Date of Award

2001

Degree Type

Thesis

Degree Name

Master of Arts (MA)

Department

Music Criticism

Supervisor

Hugh Hartwell

Co-Supervisor

Paul Rapoport

Abstract

Since antiquity, the study of Western classical music has been influenced by widespread beliefs in the mind-body split. Rational and idealistic philosophies, such as those expounded by Descartes and Plato, have led prominent music scholars throughout history, including Boethius, Rameau, Hoffmann and Hanslick, to focus almost exclusively on music's so-called relationship with the mind-music's abstract, theoretical, intellectual or left-brain qualities. With the development of the score and the musical work concept in the 19th century, the roles of the composer and performer have become increasingly divided in tennis of mind and body respectively. As a result, current musical studies (history, theory/analysis, aesthetics) continue to focus on the format aspects of the composer's score and the positivistic 'facts' surrounding the composer's career, systematically disregarding the role of the body and interpretation in music making.

Recently, however, some music scholars have taken an interest in studying classical music in terms of the body. Using the writings of 20th-century philosophers which convincingly challenge rationalism both within and outside the field of music, these scholars emphasize the relevance of subjectivity (perspectivism) and the body itself in the pursuit of musical 'knowledge.' Anthony Storr, for example, draws on Nietzsche's philosophies to demonstrate the importance of the physical body in the creation and appreciation of music. Richard Leppert similarly borrows Foucault's theory of the social body to uncover neglected political aspects of the body in musical experience (e.g. gender, sexuality, class, ethnicity) and discover the potential for traditional scholarship's fully rational perspective of music to maintain oppressive social stereotypes.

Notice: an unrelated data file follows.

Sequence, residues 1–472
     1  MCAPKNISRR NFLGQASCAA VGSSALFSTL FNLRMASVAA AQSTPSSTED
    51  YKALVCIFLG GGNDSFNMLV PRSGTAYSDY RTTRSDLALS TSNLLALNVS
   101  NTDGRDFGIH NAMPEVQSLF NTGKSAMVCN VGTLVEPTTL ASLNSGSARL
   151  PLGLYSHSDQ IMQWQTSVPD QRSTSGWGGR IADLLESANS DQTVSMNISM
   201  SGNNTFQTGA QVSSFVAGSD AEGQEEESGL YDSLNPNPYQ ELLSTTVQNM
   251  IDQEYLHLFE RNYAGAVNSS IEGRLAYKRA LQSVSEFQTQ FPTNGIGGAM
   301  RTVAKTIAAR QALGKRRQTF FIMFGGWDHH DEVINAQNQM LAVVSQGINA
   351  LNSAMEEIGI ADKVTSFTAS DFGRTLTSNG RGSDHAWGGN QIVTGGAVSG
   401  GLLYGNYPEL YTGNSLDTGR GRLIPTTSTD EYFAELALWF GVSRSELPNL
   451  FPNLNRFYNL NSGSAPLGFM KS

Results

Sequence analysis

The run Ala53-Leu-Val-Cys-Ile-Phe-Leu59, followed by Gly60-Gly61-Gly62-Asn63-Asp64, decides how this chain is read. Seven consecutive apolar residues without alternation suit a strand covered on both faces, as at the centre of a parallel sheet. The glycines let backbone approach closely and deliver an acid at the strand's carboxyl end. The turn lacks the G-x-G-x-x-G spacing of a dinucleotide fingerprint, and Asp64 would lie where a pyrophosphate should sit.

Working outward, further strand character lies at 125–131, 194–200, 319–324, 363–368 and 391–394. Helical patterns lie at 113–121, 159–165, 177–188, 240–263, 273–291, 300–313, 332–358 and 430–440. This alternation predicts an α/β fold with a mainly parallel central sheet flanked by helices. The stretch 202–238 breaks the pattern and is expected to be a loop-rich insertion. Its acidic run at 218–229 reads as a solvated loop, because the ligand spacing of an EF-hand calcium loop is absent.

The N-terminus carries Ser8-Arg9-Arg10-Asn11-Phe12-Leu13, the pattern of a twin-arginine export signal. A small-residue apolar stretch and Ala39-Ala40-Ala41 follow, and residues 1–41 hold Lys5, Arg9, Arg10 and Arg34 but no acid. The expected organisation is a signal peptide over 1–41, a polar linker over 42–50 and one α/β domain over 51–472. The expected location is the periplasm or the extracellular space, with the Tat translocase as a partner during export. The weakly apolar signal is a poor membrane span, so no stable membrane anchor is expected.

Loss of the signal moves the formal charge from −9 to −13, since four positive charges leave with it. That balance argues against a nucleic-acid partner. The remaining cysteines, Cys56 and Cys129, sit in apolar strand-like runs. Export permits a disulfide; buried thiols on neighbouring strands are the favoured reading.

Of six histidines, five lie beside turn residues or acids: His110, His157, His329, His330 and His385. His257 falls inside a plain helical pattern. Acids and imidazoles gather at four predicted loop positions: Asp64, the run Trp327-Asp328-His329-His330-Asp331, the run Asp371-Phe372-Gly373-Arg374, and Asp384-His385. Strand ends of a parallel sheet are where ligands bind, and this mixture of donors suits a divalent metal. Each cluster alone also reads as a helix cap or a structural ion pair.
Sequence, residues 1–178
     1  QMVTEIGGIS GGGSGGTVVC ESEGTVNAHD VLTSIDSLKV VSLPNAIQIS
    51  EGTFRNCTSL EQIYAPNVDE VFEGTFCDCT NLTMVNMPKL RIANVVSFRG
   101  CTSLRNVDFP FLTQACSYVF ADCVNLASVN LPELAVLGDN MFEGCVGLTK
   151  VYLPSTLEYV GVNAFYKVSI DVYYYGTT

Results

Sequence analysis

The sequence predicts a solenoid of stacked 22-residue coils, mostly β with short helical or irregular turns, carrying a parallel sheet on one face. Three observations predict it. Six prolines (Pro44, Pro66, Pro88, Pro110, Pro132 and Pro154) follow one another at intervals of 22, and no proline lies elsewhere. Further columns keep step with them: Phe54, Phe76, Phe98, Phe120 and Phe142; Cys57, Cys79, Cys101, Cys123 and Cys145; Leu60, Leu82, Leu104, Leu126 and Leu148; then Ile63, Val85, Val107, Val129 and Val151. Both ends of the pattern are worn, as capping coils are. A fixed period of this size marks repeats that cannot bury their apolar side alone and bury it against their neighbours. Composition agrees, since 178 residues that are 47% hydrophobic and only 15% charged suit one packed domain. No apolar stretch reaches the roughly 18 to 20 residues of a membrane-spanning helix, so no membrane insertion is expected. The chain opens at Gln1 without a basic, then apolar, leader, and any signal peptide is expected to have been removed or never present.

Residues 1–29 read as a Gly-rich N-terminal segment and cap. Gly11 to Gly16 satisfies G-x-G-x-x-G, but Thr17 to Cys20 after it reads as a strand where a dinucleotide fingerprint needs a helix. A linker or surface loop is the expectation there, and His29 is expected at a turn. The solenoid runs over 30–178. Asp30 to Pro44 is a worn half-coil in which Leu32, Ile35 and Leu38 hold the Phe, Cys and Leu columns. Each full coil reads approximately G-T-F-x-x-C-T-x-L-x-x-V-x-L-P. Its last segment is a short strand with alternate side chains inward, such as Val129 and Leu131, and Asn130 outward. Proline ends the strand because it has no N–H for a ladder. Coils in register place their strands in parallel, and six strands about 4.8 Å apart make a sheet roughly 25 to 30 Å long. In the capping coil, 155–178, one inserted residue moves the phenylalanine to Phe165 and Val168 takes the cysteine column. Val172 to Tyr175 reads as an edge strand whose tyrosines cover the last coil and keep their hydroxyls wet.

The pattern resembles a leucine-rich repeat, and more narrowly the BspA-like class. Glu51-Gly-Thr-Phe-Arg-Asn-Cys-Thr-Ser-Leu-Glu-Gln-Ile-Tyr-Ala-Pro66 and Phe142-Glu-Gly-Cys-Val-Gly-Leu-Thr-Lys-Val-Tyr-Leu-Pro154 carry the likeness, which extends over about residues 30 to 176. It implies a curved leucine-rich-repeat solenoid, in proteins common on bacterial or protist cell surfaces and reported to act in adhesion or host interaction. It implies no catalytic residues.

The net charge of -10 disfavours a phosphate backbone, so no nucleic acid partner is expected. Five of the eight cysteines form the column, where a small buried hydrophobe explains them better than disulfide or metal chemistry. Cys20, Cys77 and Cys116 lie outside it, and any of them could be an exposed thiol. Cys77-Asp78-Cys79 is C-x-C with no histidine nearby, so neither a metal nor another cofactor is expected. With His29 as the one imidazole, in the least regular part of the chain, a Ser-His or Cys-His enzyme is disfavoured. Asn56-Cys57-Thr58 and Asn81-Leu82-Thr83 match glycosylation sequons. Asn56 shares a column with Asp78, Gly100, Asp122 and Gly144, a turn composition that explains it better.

Consequently, the recent development of a criticism of the body in music has become especially important for feminist music scholars. Susan McClary and Suzanne Cusick have been particularly successful at demonstrating the need for scholarship to develop methods which reflect a deeper understanding of the effects of the mind-body problem on the study and practice of music.

McMaster University Library

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